Hashtag TV: BBC starts to make programming sociable

Hashtag TV: BBC starts to make programming sociable

Summary: Getting broadcasting companies on Twitter is easy: linking into stories, sharing and retweeting content. But how about broadcasting programme-specific hashtags live on air?


Since the release of the new version of the BBC iPlayer, the founding father of British on-demand television which was rolled out a few weeks ago, the social aspect to television has been highly integrated.

The main new feature added to the site was the "recommend" button which links in to your Twitter and Facebook accounts, helping you tweet and message about the programmes you are watching. Soon, instant messaging will be incorporated to allow two people in different houses to share the same, second-by-second viewing experience by connecting Windows Live Messenger.

It's very Generation Y centric, in that younger people choose to watch television when they want to, instead of being bound by a strict schedule, and it also allows students to avoid paying the licence fee for a while. The integration of instant messaging also shows how blended the Web and television broadcasting has become.

You won't be surprised by this though; many websites have this. Even ZDNet has this feature at the very top of this article, for example. It's not new. But the BBC seem to have gone one step further, by integrating Twitter hashtags into the broadcast programmes themselves.

The BBC News for example takes pride in having its major news reporters and journalists attached to Twitter with certain identifiable branding, to communicate with the wider public. It expands their correspondence with the news stories and provides the potential for generating huge traffic to those on the go.

And as you would expect, the public broadcasting body has its own URL shortener (http://bbc.in, seen here) which further proves the corporation's efforts to sharing information, links and news over character limited services like Twitter.

While some programmes will generate more of a buzz online than others, such as broadcasts which include a high audience participation level or home-user interaction, this combination of two normal, existing services could transform television completely.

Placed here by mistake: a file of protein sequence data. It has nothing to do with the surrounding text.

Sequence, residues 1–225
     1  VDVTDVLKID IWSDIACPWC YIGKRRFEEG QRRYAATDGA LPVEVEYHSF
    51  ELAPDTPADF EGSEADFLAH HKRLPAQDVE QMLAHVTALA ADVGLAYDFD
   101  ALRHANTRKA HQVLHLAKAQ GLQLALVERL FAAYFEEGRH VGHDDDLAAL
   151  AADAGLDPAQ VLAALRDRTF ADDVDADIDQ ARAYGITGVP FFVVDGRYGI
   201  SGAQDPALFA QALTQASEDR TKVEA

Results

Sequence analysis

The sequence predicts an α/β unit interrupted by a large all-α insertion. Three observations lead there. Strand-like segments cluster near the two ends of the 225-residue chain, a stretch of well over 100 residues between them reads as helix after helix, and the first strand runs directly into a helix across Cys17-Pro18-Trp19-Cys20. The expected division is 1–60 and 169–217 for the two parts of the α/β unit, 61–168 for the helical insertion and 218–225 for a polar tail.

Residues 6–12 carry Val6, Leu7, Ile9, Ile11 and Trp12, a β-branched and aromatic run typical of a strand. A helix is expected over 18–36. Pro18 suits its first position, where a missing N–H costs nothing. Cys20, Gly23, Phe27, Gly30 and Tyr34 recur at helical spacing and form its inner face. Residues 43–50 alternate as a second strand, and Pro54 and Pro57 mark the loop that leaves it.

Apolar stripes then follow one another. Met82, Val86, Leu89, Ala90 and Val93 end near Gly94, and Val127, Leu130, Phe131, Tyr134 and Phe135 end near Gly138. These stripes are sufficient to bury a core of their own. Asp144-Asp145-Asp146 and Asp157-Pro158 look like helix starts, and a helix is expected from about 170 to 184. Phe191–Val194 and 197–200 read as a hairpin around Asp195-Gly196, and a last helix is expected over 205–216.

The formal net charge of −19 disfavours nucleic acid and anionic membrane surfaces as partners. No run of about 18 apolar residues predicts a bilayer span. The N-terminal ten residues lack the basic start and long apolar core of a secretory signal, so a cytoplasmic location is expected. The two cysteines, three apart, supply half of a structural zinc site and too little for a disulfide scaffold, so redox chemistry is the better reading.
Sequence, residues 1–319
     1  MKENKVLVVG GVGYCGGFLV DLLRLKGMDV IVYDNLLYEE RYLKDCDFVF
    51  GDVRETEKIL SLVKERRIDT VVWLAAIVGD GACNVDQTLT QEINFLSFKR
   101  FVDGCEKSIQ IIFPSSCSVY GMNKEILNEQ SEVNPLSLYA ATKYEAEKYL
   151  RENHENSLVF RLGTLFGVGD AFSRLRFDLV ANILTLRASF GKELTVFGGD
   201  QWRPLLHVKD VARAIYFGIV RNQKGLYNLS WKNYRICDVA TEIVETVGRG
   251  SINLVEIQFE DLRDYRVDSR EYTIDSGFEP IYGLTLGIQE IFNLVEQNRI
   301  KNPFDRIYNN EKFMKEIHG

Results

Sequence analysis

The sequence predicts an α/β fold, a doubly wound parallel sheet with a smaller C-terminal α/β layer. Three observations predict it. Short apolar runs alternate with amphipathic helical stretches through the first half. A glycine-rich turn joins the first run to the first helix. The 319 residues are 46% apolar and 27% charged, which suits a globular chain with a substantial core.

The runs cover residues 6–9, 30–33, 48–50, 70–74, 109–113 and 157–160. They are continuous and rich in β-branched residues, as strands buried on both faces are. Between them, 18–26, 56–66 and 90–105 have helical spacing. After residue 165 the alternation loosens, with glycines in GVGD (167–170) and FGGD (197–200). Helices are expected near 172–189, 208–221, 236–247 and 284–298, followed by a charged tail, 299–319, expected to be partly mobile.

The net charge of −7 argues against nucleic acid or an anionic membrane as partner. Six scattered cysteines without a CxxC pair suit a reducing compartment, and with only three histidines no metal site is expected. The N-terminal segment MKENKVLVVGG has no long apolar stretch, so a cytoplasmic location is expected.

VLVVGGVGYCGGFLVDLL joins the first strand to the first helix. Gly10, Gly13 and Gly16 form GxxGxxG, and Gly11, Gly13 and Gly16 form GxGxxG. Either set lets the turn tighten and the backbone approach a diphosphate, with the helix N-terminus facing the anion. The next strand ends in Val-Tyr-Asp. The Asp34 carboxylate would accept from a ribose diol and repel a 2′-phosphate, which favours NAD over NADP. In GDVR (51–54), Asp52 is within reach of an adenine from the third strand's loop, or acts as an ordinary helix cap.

Would you tweet from a hashtag broadcast on your television? Would it encourage viewer interaction, or is watching the box "me time" only? Say your piece.

Topic: Software Development

Kick off your day with ZDNet's daily email newsletter. It's the freshest tech news and opinion, served hot. Get it.


Log in or register to join the discussion
  • RE: Hashtag TV: BBC starts to make programming sociable

    Take a look:


    Here have what you need!

    It's very good!
  • RE: Hashtag TV: BBC starts to make programming sociable

    The BBC are introducing a 'buzz' page for each programme. This basically is where you can see what is being discussed/shared about the programme online.
    For example, Spooks:
    or Eastenders:

    This is the social web coming to TV
  • RE: Hashtag TV: BBC starts to make programming sociable

    As a North American Iplayer Viewer (don't tell the BBC), I love this. The social aspect is very cool. Bring it on.
    I was kinda upset when I loaded The new Iplayer, it asked if I had payed for the license fee. Naturally I said no, but am aware that somewhere down the road someone is going to ask me throw them some coin. Now... I would gladly pay for the Iplayer and license fee so I don't have to VPN in through the back-door. A legal player in North America please... someone need to get these global license/copyright issues fixed. So I can watch the Beeb, Channel 4, ITV, etc. in my home without fear of a Brownshirts invasion.
    Mr. Toad
  • RE: Hashtag TV: BBC starts to make programming sociable

    Like iTunes, the BBC have taken a relatively simple, easy tio use and well loved program and improved and 'social networked' it to death.

    The change so the core programe ised Adobe Air/Flash for playback, instead of WMV media, has also upped the minimum hardware level for it to work properly quite substantially

    Previously it worked with almost any old hardware, including a raft of netbooks. Since Adobe Flash/Air came on the scene, stuttering playback has become common place - indeed Downloads perform worse than streaming.

    BBC - back to basics, and remove the bollocks from the previously wonderful iPlayer.
  • BBC.in

    BBC.in is actually just Bit.ly by a different name - if you go to bit.ly and put in a BBC URL you will be given a bbc.in link in return.